Well not exactly – its muddy, its green and it will have electricity but that’s where the similarities end! Kevin was at cottage today and is putting in electricity. That’s really the extent of my understanding there. As he explained it, the process is for him to put in the meter box, then Frank has to dig a trench and put the red wire across it, then Kevin writes a certificate of completion which is sent to ESB. They then connect the meter and then Kevin reconnects it. This won’t be a full supply as there are no electrics in the current building, however, it does mean that I’ll be able to connect the pump, and Terry and Mike will be able to boil a kettle for a cup of tea. Sure what more could you ask for!
Finally decided what I’m doing with the thatch – it has taken so long! I first met with Joe Leonard, thatcher from Longford more than a year ago and had him booked in to do the thatch in August. Since then there have been discussions about the type of thatching (there are lots of different techniques), the form (gable, half-hip, hip roof), the material (straw, reed), the thatcher, the roof frame and whether to leave the galvanised roof on or off. The Heritage Council have been involved and while being very helpful, have not steered me in any direction. This made things a bit more confusing for me as the more options I have, the longer it takes to make a decision. I met with another thatcher back in May and he was considerably more expensive than Joe but had a completely different method. As it happens, his method doesn’t suit my cottage as the rafters are too narrow in mine and his method involves pushing large bundles of straw up through the rafters from the inside. So, I met with Joe again with a remit from the Heritage Council to find out what type of technique he uses and whether it would work on the cottage. Also I needed to confirm once and for all, whether the existing frame (which is very old) would support a new thatch and whether I should go with a gable roof at both ends, a hip at both ends or one of each. So, Joe arrived down in his swanky van (he has two but only one of them has the business logo on the side) and with his son. (Thatching appears very much to be a family business – its passed down from father to son. Not sure if the sons are too keen on this!). So, after a very quick perusual of the cottage and a few comments from Joe that the cottage hadn’t changed much since the last time he was down, we agreed on a number of points: 1. The existing frame is fine (and as it turns out slate or tiles are much heavier than thatch) 2. I am going to go with one gable roof (so I can keep the little window that is there) and one hip roof (which is in keeping with that end of the cottage and will protect the mud wall) 3. I will keep the galvanised roof on as it adds protection in case of fire and just means less messing about with the existing structure. With all my faffing about, though, Joe won’t be able to get to me until next Summer. Well at least that gives me enough time to figure out what I’m doing with everything else!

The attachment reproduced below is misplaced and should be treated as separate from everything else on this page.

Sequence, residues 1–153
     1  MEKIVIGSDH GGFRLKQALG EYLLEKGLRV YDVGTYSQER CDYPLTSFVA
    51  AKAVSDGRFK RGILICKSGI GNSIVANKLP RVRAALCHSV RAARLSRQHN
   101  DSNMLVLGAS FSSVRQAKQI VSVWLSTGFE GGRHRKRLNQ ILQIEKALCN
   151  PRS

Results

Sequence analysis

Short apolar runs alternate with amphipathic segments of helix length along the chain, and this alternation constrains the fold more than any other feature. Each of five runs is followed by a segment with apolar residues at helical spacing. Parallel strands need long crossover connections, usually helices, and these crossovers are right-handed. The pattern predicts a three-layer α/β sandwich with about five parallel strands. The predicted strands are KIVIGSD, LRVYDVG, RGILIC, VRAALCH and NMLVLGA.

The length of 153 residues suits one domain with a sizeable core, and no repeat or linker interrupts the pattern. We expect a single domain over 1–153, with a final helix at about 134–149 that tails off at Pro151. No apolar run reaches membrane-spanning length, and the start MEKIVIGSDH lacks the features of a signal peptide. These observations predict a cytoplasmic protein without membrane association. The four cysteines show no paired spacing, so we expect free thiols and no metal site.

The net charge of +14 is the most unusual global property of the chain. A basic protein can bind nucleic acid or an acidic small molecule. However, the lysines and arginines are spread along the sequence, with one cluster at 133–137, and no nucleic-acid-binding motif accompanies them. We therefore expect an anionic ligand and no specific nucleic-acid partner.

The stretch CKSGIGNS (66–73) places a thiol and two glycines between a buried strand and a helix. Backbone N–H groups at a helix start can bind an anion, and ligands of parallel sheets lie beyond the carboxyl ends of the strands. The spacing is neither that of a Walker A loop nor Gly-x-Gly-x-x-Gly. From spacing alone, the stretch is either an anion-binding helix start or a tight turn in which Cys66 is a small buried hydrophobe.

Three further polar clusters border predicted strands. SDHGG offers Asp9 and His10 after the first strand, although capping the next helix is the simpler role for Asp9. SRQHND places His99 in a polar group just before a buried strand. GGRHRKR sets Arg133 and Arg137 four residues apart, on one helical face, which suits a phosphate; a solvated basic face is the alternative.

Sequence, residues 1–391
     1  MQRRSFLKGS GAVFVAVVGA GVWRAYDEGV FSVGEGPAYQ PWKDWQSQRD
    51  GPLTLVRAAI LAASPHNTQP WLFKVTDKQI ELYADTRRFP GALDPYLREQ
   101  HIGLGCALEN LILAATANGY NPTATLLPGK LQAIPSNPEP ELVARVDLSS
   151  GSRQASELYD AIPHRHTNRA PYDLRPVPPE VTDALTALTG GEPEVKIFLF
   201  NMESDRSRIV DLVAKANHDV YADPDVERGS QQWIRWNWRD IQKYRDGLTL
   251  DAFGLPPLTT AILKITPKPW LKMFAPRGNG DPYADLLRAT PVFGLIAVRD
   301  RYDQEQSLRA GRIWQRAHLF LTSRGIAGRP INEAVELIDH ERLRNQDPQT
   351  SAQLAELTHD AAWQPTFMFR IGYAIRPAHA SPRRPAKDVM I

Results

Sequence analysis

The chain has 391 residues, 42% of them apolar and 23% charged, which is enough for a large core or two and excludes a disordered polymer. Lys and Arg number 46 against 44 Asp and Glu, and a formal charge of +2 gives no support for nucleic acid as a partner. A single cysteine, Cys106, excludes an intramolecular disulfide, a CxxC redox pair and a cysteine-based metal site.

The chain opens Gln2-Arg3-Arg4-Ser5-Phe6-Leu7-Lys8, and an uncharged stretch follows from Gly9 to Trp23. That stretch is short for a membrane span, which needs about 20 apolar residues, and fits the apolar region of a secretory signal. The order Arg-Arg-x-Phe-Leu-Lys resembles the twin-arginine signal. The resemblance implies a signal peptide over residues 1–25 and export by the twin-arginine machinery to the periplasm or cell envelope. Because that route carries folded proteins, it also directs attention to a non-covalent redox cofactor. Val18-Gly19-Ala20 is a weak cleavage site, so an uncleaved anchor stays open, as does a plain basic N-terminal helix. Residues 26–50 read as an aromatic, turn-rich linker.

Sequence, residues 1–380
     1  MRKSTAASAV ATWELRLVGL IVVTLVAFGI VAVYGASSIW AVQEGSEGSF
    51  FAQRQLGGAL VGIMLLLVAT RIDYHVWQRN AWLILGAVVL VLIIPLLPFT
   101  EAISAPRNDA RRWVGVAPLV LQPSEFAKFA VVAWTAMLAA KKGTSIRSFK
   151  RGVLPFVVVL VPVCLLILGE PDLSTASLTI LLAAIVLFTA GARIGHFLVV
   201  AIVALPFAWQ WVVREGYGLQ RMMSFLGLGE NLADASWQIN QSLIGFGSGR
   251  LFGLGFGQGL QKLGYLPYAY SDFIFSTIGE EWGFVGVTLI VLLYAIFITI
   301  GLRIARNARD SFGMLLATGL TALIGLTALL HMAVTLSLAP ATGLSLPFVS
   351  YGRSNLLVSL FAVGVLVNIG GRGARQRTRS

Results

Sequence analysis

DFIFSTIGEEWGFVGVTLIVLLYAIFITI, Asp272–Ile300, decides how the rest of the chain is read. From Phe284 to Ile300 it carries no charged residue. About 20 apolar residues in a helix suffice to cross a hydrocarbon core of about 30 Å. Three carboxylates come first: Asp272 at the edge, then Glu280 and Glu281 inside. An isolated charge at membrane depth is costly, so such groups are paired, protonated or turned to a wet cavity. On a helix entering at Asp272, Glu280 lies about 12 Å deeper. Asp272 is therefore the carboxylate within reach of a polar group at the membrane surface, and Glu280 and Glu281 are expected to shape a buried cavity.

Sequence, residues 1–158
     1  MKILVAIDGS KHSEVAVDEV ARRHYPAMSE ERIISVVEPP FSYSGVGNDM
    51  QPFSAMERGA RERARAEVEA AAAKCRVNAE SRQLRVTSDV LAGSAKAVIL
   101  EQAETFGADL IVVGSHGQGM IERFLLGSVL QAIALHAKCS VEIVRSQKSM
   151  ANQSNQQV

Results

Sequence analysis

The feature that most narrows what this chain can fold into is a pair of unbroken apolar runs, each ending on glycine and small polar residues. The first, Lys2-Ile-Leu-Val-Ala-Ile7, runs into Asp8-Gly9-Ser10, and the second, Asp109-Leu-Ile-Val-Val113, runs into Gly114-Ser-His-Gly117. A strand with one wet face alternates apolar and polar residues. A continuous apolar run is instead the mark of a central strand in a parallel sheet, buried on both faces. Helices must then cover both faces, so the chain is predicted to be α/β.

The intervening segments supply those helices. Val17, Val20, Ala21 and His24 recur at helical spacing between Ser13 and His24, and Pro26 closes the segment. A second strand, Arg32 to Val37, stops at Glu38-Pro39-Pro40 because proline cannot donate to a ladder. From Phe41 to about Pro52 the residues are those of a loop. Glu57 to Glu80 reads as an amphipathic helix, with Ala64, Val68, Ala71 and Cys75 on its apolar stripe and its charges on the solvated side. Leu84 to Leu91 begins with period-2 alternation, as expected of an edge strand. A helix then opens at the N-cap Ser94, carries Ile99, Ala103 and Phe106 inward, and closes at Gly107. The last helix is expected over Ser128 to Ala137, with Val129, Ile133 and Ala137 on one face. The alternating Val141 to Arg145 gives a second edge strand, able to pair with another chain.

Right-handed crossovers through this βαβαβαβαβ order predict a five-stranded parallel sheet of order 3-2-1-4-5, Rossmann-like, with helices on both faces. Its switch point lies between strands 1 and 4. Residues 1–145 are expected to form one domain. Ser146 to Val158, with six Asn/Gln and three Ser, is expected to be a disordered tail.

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I’ve been trying to get an extension built onto the back of the cottage. I received a quote from one particular builder who is local and specialises in eco-friendly building. I was quite happy with the quote and didn’t ask for any others as I trust him and I know him by reputation. Then someone came along and suggested that the quote was very expensive so I decided to shop around. Long story short, I now have 3 quotes – one is 8k, one is 27k and one is 65k! So, I’ve asked my architect to give them a ring and then let me know which I should go with. I don’t know enough about these things to make any sort of a sensible decision so I’ll leave it to the experts. Problem is, it delays everything. I might set up a new initative like the one they have around food which is called the Slow Food Movement. I think I’ll call this the Slow Building Movement!
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I have been busy socialising, but have been working away in the background, I just haven’t been updating my blog but decided to start up again. An update to follow shortly!